The Mother Lode
My husband was never without a piano, its keys
touchstones. Their intimacy as sacred
as communion. Whether rented, borrowed,
or finally bought, the instrument might be
a spinet, an upright, even a baby grand.
Never a Casio or Yamaha.
What can a two-year-old remember
of his mother—concert pianist, beautiful
and beguiling, Lyda, who died too young?
A baby left behind. He once told me
that as a child, he took refuge under
the grand piano that stood forever
silent in his Victorian home. Solace
in moments of sadness or when he’d misbehaved
and his stepmother promised
the wooden paddle in the basement. I imagine
his mother seated at the spinet in our house,
luminous, ethereal, a lithe phantom,
her hands motionless, poised gracefully above the keys.
In the background, his stereo playing Brahms’s
waltz for piano, Opus 39, Number 15.
Sandi Stromberg’s full-length collection, Frogs Don't Sing Red, was published by Kelsay Books in April 2023 and includes several works nominated for a Pushcart Prize and Best of the Net. She edited Untameable City: Poems on the Nature of Houston, recommended reading by the Houston Chronicle, and for Museum of the Big Bend co-edited Echoes of the Cordillera, ekphrastic poems based on the photography of Jim Bones. Most recently, her poetry has appeared in Panoplyzine, San Pedro River Review, The Ekphrastic Review, and Unknotting the Line: The Poetry in Prose. She is an editor at The Ekphrastic Review. Her poetry, translated into Dutch, can be found at Brabant Cultureel and on the website of Dutch poet, Albert Hagenaars.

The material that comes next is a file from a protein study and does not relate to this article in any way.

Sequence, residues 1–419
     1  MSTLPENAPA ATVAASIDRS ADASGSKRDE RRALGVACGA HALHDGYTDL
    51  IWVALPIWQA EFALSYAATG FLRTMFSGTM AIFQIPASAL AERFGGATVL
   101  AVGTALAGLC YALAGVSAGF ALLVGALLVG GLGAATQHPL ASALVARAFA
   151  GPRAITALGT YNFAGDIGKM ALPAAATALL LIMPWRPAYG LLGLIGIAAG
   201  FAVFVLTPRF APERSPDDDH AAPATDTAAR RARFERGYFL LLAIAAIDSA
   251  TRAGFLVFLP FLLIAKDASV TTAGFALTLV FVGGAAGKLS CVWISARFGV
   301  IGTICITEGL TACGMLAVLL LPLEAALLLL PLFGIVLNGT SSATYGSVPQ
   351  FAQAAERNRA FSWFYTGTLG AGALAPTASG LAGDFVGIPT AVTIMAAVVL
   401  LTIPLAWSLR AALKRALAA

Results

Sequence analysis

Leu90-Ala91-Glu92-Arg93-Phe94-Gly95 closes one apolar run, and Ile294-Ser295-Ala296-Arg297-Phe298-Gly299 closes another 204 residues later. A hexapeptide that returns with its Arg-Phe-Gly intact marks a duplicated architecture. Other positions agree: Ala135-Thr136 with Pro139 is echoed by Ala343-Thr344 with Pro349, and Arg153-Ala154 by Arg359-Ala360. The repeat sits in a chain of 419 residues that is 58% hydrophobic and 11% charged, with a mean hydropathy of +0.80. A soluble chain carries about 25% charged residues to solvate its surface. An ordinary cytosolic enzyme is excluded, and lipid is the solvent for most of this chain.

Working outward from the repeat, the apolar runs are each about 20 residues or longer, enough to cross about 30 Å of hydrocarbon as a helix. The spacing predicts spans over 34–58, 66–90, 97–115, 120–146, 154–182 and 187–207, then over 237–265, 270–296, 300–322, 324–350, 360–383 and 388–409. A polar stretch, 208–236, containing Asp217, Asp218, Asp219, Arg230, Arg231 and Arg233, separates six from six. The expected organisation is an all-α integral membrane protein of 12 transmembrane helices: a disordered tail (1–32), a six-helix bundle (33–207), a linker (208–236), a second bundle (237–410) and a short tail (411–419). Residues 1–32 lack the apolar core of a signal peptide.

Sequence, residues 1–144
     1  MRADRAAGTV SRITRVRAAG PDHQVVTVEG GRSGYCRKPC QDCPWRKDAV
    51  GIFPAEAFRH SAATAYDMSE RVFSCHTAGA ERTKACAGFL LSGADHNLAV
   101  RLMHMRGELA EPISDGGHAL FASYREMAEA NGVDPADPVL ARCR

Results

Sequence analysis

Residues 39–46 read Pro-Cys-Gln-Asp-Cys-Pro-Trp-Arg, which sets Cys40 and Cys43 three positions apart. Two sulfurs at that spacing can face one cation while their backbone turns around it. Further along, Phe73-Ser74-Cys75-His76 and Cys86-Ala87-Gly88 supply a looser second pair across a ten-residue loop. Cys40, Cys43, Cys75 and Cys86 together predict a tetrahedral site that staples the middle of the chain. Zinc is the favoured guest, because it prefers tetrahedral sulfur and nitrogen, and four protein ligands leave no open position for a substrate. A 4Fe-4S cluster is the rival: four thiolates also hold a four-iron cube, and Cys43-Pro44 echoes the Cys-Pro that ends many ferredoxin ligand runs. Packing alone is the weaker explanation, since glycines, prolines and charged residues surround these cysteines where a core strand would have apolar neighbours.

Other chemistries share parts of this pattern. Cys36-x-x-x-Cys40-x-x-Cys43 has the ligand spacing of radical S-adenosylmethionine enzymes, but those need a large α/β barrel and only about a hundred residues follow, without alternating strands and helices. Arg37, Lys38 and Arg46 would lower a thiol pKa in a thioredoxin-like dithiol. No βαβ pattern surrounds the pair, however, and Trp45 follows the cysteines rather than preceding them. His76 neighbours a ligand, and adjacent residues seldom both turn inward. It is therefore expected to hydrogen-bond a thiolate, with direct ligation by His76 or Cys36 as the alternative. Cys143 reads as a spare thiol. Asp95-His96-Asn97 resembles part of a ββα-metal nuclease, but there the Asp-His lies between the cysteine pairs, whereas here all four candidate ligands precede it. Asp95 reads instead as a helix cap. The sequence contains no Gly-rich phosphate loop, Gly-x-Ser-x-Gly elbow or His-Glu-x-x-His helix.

The Ekphrastic Review
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